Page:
Activity Monitor is a little know gem of an app hidden in the Utilities folder in your Applications folder. It can look daunting when you first launch it but once you look past the information overload and find out what to focus on it can become an invaluable tool.
Find yourself staring at a spinning beach-ball cursor regularly? Do you hear your computers fan start up regularly? Are some apps slower than usual? Activity Monitor will tell you why and help you fix problems.
When you first start Activity Monitor it will show you the System Memory tab:
The long list of names are all the processes running on your computer. These are not just the Applications you’ve launched but also all the background processes needed to run your computer and Mac OS X.
The processes are ordered by % of CPU usage. This is the first tool you can use to spot problems. As you can see in the screenshot here at one point iTunes was using 99% of my computers processing power. That isn’t good. Especially since I didn’t even know I had iTunes running and wasn’t using it.
As soon as you see an application persistently using a large percentage of your CPU you should ask yourself if you really need to have it open and then consider closing it.
You might not recognize all the running processes and blindly closing them is never a good idea and can lead to crashes and data loss. What I usually do when I see a process using a lot of CPU is Google its name. That is how I found out that Spotlight was trying to index my Time Machine disk with a process called “mds” that claimed 80% of my CPU every time Time Machine started backing up. I excluded my Time Machine disk from Spotlight and my MacBook Pro became responsive again during back-ups.
The next thing you can do is order these processes by ‘Real Mem” and “Virtual mem”. If you haven’t guessed it yet “Mem” stand for “Memory” and these tabs show you how much memory is being used by your applications.
If Mac OS X runs out of real memory it uses Virtual memory, or a piece of the slower harddisk instead of your faster RAM chips. It is an elegant but slow solution. If your computer is using a lot of Virtual Memory you might want to consider closing down some apps or even upgrading to more RAM.
Below the processes are some live updating memory stats that could be interesting. This is what they all mean:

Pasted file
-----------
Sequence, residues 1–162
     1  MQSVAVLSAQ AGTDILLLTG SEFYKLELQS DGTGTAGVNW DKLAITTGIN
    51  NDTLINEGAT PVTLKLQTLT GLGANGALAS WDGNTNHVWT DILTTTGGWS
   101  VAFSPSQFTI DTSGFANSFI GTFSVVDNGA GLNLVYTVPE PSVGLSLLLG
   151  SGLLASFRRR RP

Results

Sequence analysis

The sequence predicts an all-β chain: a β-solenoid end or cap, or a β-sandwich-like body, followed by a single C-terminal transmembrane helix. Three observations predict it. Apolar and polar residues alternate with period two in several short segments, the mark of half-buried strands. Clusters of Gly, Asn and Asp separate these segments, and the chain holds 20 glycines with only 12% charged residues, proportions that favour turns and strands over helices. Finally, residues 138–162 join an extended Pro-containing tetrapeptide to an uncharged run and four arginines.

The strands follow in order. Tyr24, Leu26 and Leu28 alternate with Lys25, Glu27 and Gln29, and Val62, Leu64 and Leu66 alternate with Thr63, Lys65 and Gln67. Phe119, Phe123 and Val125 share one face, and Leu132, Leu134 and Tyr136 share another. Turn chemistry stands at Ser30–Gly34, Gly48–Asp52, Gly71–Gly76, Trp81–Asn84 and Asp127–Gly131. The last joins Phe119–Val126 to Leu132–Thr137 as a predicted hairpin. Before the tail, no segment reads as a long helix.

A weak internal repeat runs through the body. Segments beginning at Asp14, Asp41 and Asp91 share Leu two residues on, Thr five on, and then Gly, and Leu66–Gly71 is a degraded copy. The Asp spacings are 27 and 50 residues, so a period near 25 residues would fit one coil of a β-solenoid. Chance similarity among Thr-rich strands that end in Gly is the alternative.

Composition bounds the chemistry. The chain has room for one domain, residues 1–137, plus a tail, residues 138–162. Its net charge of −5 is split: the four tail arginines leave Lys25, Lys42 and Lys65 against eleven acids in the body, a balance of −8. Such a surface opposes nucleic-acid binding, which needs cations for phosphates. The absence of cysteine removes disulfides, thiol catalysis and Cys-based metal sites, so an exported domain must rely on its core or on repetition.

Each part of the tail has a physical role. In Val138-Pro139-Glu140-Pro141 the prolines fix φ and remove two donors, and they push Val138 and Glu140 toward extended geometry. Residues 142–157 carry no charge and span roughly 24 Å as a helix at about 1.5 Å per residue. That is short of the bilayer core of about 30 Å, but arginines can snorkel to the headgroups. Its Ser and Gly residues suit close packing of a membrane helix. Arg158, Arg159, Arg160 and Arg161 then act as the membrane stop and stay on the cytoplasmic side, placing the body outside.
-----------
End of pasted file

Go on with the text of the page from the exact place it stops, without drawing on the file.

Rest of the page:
This is RAM that’s not being used.
Information in this memory can’t be moved to the hard disk, so it must stay in RAM. The amount of Wired memory depends on the applications you are using.
This information is currently in memory, and has been recently used.
This information in memory is not actively being used, but was recently used.
For example, if you’ve been using Mail and then quit it, the RAM that Mail was using is marked as Inactive memory. This Inactive memory is available for use by another application, just like Free memory. However, if you open Mail before its Inactive memory is used by a different application, Mail will open quicker because its Inactive memory is converted to Active memory, instead of loading Mail from the slower hard disk.
This is the total amount of memory used.
This is the total amount of Virtual Memory for all processes on your Mac.
Page ins / Page outs
This refers to the amount of information moved between RAM and the hard disk. This number is a cumulative amount of data that Mac OS X has moved between RAM and disk space.
Tip: Page outs occur when your Mac has to write information from RAM to the hard drive (because RAM is full). Adding more RAM may reduce page outs.
This is the amount of information copied to the swap file on your hard drive.
Activity Monitor can help you analyze your computer usage and fix problems. Make a habit out of starting it up whenever you see the Spinning Beach-ball or when your computer feels slower than usual.